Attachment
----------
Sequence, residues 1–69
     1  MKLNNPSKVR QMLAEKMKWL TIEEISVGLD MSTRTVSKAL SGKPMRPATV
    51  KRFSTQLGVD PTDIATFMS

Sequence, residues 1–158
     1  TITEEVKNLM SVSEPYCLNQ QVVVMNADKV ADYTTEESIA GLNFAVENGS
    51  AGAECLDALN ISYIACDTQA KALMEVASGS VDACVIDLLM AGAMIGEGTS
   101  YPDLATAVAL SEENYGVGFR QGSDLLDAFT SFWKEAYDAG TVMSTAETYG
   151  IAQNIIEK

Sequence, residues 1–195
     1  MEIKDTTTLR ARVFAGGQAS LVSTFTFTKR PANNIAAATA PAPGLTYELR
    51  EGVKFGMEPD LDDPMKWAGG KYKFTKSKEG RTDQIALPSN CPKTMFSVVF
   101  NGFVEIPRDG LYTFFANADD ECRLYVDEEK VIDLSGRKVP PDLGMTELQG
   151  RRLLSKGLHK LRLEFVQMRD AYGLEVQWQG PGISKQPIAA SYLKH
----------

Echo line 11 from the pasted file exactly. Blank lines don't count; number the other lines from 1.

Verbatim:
    51  EGVKFGMEPD LDDPMKWAGG KYKFTKSKEG RTDQIALPSN CPKTMFSVVF